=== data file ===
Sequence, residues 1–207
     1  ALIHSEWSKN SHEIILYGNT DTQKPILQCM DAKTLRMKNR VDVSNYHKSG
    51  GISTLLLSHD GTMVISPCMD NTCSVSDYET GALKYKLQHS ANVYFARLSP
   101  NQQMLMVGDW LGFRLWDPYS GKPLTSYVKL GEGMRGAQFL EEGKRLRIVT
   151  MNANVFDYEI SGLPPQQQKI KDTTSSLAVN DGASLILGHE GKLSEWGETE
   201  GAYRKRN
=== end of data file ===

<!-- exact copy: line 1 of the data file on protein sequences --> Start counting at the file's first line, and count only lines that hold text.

Sequence, residues 1–207